But you can tell he still takes it seriously because he goes up the Scala Sancta, saying the Our Father at every step, then says he wished his parents were dead because then he could get them out of purgatory. But at the very top step, he stops and says, “Who knows whether all this is true?” I think that’s the kind of question many people were asking.
You use the German word Anfechtungen to describe Luther’s spiritual struggles. What does that mean?
I’d translate it as “the 3 in the morning feeling.” You wake up at 3 a.m. and it hits you how quiet the world is around you, how helpless you are, how short your life is, how little you are compared to the universe. Then you ask, “Is there any meaning in it?”
What hit Luther wasn’t the temptation of the world. He didn’t go to the monastery to give up the pleasures of life. He did give them up, but it wasn’t a big deal.
But what do you do when you think maybe these temptations are coming from God? That God is asking, “Do you deserve existence? Do you know that only a few will be saved? Mathematically the odds aren’t good for you.” Going to the monastery is good, but it isn’t good enough. It wasn’t the world standing between him and God. It was God standing between him and God.
But when he studies Paul’s letter to the Romans, he hears something different—the righteousness of God means that God has accepted the work of Christ and the whole transaction is finished. The only part of the transaction left is that you grasp it in faith, that you receive it as a gift. And when that hit him, he could never back off.
The concept of God’s righteousness means God no longer looks at us baptized people as something to be abolished. Rather, when God looks at the baptized person who is in faith, God doesn’t see you, God sees a Christ. When you serve the poor, you are Christ in that act. You can be scum of the earth still, but when God is looking at you in the righteousness of Christ, that’s what’s seen.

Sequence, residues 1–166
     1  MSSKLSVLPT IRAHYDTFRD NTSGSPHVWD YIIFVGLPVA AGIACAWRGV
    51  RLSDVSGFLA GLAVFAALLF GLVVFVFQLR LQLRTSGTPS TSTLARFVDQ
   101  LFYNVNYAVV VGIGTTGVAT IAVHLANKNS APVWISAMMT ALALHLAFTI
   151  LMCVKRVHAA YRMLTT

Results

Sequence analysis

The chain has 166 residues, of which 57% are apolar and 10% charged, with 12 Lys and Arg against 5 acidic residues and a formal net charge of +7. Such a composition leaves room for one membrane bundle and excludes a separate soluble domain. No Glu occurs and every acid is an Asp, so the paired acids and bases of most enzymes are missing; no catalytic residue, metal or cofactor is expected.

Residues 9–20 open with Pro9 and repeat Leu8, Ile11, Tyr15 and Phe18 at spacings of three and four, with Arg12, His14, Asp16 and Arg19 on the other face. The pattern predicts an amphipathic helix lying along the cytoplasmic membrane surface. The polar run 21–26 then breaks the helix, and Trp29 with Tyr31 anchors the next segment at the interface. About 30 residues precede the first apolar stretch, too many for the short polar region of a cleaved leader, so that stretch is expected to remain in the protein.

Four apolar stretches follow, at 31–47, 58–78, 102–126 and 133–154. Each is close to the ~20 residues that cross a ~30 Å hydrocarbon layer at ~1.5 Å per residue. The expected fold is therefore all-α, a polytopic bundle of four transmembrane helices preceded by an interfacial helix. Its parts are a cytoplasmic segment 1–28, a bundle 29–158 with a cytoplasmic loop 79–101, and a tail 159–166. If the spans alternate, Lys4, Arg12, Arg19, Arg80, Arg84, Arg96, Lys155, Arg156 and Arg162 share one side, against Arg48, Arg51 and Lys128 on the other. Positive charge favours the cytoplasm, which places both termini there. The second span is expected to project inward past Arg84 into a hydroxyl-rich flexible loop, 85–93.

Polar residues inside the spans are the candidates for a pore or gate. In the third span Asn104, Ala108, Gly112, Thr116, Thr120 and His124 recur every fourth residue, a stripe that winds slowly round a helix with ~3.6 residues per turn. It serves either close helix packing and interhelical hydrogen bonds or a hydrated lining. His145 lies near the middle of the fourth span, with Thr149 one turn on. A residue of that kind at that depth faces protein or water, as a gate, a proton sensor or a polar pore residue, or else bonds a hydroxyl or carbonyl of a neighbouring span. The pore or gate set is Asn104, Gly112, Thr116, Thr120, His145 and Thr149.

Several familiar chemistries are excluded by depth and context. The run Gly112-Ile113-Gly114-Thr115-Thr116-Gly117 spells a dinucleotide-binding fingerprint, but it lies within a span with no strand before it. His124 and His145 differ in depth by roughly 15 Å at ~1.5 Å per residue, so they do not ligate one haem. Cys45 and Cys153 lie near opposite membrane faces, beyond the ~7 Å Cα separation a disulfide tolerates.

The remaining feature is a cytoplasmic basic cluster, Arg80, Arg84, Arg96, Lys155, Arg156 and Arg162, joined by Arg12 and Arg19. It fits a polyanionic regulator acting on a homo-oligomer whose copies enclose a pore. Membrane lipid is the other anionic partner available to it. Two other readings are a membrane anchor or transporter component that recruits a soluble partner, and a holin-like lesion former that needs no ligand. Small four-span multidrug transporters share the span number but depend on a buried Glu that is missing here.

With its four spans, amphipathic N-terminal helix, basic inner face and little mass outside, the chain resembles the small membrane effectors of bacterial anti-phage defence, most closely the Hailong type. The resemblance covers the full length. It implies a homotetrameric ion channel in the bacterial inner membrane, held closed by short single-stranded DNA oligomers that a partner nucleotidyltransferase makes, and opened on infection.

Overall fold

Once you have decided that righteousness is not to be bought by pilgrimages, relics, indulgences, or even by your own good works and merits, but that it is entirely a gift, you have to receive it and then put it to work.
Can you explain the concept of indulgences?
An indulgence removes some punishment for sin in response to certain prayers, almsgiving, or good works. The belief was that none of us will have been just enough, been merciful enough, given enough alms, or done our penance deeply enough in order to get past purgatory. But the church had something called a “treasury of merits” built up by Jesus and the saints that the faithful could draw upon.
In one sense, it could have been seen as a pastoral device, but it was so exploitable. In Luther’s time indulgences were being bought and sold. People wanted security. Luther hates the word security—it means you have it all fixed up with God. You’ve got this piece of paper that says you’re secure and you’re no longer going to be examining yourself and accepting the gifts of God.
But Luther likes the word assurance. Assurance is God’s continuing action toward you, which you receive. Security is what I have achieved by buying an indulgence or venerating the relics or going on a pilgrimage.
Much of the money for these indulgences was going to the building of St. Peter’s in Rome. It amazes me that when Luther was outraged by this, he really thought the pope would be glad that he was telling him this. He sent his 95 theses to the archbishop of Mainz in an almost groveling letter: “Oh your Excellency, you’ll be glad to know that we’re going to clean this up.” Of course, that would have undercut the whole system.
Didn’t he also nail the 95 theses to the church door at Wittenberg?
I think he did, but there were no eyewitnesses. Nobody saw the dramatic morning when he put the nails in the door. Somehow both the archbishop and the people in Wittenberg knew about them, but he may have only “posted” them, so to speak, by mailing them to the archbishop.
What else was going on in Europe around the time of Luther that led to the Reformation?
When I visit Eastern Europe today, there’s a big castle on every hilltop. The lord who lived there ran things. Although this feudal system was breaking up, people didn’t yet have an alternative. The person on the hill had knives and swords and horses and could do anything he wanted. He could rape your wife on your wedding night. He could change the price of your yield of what you’ve grown for him.